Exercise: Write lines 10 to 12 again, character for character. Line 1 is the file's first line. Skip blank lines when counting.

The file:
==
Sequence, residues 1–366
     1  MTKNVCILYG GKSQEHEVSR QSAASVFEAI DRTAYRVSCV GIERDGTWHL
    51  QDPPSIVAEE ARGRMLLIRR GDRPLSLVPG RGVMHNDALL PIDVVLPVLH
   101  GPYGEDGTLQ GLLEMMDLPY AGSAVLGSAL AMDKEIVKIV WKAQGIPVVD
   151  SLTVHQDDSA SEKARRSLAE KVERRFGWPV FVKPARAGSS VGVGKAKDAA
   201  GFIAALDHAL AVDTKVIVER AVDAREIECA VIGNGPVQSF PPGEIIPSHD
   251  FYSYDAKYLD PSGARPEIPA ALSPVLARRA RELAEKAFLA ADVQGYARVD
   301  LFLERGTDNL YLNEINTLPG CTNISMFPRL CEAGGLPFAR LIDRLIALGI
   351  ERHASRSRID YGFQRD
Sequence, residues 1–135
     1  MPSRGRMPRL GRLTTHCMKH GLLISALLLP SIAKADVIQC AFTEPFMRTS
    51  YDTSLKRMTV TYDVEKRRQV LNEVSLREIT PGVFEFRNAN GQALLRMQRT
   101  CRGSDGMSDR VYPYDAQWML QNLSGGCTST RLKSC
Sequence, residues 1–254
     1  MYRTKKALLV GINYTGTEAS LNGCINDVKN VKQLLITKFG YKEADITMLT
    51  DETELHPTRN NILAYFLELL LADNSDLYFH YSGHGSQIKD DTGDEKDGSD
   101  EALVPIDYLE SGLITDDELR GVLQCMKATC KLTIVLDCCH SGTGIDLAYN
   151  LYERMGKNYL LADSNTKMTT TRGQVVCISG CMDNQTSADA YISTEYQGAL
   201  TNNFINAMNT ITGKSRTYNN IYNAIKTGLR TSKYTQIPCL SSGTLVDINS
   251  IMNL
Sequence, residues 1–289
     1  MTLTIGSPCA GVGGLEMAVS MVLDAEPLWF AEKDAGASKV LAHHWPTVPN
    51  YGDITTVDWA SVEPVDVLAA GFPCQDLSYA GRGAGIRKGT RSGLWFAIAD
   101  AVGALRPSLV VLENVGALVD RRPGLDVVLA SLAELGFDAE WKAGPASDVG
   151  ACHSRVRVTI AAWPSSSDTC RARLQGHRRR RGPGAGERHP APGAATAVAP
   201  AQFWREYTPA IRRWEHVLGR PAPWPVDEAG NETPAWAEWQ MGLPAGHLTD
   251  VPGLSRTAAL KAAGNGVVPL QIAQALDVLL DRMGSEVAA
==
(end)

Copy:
Sequence, residues 1–135
     1  MPSRGRMPRL GRLTTHCMKH GLLISALLLP SIAKADVIQC AFTEPFMRTS
    51  YDTSLKRMTV TYDVEKRRQV LNEVSLREIT PGVFEFRNAN GQALLRMQRT